In last couple of years I have tried out different P2P platforms – Mintos, Twino, Swaper, Viainvest, EstateGuru, NEO Finance, but have always had a strange feeling about 2 of them: Kuetzal and Envestio – I saw that they had many projects from Latvia, offered much higher returns, but some of the listed projects just did not make any sense to me, so I did not even try to invest there.
As Bitcoin price has climbed from $1k to $15k this year, I get asked quite a lot – how to actually buy it?
When I decided to buy some Bitcoins in 2013, it was like wild west – price of BTC was skyrocketing from $100 to $1000, everyone was writing about it and exchanges were crashing from lame code, high load and hacker attacks.
At that time the biggest exchange in Europe was bitcoin-24.de, so I opened an account there, bought some Bitcoins and did some trades. But then it started receiving DDoS attacks and at one point transactions were duplicating.
If I bought 1 BTC, suddenly I received 2 BTC. If I sold 2 BTC, I got money for 4 BTC, etc. I got lucky to withdraw some bitcoins, but of course the withdrawals stopped working very soon, and I was left with an account “worth” 60k EUR and 7.7 BTC.
Received an email from Mark, who asked for advice about investing in P2P platforms:
Basically, ~127k EUR is sitting around and not working. I do have Bondora and I was one of the early investors in 2012 when it was called Isepankur. Problem there is I don’t understand what’s going on there-it is displaying my ROI as 15% but everyone is saying that it’s not real because they don’t calculate defaults correctly and real returns are ridiculously low.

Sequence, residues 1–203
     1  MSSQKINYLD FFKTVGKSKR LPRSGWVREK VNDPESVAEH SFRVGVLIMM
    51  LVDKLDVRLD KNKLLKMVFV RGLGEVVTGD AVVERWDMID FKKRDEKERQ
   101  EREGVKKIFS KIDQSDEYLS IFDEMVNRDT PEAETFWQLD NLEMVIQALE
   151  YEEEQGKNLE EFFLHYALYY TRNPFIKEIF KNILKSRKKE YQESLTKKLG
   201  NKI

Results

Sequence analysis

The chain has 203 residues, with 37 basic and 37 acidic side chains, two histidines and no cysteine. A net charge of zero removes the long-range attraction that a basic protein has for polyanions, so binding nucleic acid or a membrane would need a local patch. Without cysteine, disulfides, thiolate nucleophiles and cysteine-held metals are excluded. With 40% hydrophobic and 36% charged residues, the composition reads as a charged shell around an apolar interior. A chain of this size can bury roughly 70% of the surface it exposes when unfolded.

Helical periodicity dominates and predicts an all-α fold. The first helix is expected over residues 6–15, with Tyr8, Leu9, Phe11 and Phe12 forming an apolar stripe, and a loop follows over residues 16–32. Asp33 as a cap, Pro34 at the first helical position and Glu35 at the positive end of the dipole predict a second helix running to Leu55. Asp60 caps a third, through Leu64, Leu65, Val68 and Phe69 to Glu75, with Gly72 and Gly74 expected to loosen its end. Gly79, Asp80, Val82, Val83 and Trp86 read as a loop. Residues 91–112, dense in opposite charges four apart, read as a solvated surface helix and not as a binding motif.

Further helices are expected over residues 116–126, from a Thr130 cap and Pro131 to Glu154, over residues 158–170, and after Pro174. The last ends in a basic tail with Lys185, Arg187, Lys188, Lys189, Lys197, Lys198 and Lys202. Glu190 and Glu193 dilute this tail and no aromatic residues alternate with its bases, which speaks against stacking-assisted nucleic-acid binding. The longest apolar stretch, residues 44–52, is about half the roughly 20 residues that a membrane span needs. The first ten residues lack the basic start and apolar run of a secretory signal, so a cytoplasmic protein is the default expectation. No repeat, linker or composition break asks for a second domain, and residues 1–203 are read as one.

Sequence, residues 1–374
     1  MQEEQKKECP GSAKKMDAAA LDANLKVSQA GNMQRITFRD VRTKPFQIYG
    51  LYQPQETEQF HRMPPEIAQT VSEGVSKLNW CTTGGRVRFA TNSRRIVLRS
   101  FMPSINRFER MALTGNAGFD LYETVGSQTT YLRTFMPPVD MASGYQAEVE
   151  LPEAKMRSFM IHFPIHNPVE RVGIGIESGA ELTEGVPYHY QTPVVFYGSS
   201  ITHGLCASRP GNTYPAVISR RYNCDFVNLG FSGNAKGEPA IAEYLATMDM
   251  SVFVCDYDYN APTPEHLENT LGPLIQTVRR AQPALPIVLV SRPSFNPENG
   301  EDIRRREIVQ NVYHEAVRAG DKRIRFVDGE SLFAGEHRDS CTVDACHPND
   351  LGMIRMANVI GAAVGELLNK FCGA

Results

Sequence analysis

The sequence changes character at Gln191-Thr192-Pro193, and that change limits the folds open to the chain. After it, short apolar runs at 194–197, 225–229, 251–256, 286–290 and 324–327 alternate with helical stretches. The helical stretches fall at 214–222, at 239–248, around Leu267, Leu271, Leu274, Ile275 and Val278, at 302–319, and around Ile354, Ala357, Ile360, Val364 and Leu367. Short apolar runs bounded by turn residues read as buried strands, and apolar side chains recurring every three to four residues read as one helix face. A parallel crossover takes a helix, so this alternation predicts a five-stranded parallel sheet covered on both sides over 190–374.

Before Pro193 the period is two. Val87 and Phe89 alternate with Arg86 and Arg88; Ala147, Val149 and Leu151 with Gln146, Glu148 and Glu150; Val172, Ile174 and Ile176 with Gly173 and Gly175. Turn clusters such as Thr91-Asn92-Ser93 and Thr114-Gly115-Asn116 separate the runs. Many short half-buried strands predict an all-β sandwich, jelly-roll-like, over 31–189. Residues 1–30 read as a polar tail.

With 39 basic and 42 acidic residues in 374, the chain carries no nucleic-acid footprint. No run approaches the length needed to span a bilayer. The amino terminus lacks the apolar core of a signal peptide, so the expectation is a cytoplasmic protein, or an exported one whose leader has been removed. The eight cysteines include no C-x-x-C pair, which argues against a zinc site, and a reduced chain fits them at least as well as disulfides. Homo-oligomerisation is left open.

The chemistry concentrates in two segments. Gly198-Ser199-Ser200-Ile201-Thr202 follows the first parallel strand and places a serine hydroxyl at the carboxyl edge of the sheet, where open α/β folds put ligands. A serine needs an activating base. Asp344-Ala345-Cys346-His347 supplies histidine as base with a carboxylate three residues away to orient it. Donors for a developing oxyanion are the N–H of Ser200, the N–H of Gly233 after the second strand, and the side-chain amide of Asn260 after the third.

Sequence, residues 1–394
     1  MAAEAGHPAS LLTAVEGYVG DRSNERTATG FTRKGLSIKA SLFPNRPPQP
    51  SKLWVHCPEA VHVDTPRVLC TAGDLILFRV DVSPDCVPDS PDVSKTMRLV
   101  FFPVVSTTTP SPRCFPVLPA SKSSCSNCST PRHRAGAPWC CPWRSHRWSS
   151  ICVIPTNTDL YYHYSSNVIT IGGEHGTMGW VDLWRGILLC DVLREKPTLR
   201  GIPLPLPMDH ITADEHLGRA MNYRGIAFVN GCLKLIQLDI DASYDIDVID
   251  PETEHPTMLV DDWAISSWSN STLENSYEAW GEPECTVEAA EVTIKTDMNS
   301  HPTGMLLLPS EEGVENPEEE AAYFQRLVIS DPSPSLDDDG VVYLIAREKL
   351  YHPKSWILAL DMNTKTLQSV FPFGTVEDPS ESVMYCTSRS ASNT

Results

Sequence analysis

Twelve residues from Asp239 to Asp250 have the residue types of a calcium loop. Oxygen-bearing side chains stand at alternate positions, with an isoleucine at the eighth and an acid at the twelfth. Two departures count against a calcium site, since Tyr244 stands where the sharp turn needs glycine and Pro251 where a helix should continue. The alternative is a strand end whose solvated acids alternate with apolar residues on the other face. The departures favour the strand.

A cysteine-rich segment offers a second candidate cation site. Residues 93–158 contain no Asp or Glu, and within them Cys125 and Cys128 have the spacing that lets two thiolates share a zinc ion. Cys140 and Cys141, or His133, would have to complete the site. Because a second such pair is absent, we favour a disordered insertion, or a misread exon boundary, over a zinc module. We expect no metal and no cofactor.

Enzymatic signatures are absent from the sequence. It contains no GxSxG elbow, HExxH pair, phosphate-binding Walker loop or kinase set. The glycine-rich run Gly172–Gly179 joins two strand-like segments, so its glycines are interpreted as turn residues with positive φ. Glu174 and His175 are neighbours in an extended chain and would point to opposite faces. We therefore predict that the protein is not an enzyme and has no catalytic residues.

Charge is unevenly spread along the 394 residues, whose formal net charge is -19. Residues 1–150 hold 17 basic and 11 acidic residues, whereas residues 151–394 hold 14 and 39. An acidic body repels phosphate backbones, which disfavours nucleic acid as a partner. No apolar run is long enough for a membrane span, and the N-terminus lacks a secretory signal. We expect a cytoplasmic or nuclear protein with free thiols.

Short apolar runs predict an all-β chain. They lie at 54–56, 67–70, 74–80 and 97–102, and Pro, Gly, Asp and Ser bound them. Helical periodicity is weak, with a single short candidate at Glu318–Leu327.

Considering all of the above, do you recommend investing in Mintos and/or Twino?How would you suggest getting enough math skills to be able to figure out what’s going on with my account at Bondora, how to calculate XIRR(not sure?) etc.
If not Mintos/Twino, what passive strategies would you recommend to put the capital I have sitting idle to work.
When I opened my DNB Trade account in 2015, my first trades were a bit crazy, among them:
- $YHOO – lost only 4%, but should not have touched it at all
- $NBG – National Bank of Greece, lost only 25% (now delisted)
- $CHAD, $CHAU – ETFs with 2x leverage that follow CSI 300 Index
- $SUNE, $ZINC, $VRS – lost nearly 100%, delisted or went bankrupt
I tested my risk tolerance by starting with the most risky stuff I could find and when I got burned, moved to more safe things like sector ETFs with no leverage.
My most expensive lesson was from buying $UWTI – where I managed to lose about 80%, which amounted to more than $3700:
My experience with banks
I did my first stock trades in 2009 – used Swedbank and bought stocks in Baltic stock market. Later I also made couple of trades in US market, but was not happy about it. Paying $25-27 per each trade seemed too high. If I invest $1000 in one company and pay $50 in commissions to Swedbank, then I need to get at least 5% return just to cover trading fees. Not cool. Spent 250 EUR in fees.
If you read my last post „How to buy options in Latvia?” then you know I planned to open a trading account in Norvik bank. In this post I will describe the process in more detail.
It is not easy to trade options in Latvia, so I will describe the process how to get started and what to expect in terms of costs.
If we look at things very simply, there are 3 main options, how to invest in stock market:
1. Select stocks yourself
You can create a stock portfolio of companies that you believe in and hope that these companies will grow and make you rich. But to get good results over the long-term, you will also need to spend lot of time learning about stock market. If you don’t have time and will pick stocks without doing any research, you risk getting burned.
For example – this is how GoPro stock chart looked like after IPO – price shot up 300% from $30 to $90 in just 3 months. Imagine, how high it could go in 2 years? Let’s say, you would have invested $990 and bought 11 GoPro shares in Oct 2014, paying $90 for each share.